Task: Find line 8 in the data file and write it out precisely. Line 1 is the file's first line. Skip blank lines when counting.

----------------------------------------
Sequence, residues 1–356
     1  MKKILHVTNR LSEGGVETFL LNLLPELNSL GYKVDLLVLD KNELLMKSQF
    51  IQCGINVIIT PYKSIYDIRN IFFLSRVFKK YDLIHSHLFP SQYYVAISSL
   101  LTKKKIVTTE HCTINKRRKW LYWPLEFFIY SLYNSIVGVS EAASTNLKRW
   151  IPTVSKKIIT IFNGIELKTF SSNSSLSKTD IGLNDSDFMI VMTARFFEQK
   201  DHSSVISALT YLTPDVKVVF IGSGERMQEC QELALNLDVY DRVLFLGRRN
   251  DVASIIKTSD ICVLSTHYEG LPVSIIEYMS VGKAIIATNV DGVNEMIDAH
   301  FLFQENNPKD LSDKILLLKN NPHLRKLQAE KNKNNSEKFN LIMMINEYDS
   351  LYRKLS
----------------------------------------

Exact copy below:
   301  FLFQENNPKD LSDKILLLKN NPHLRKLQAE KNKNNSEKFN LIMMINEYDS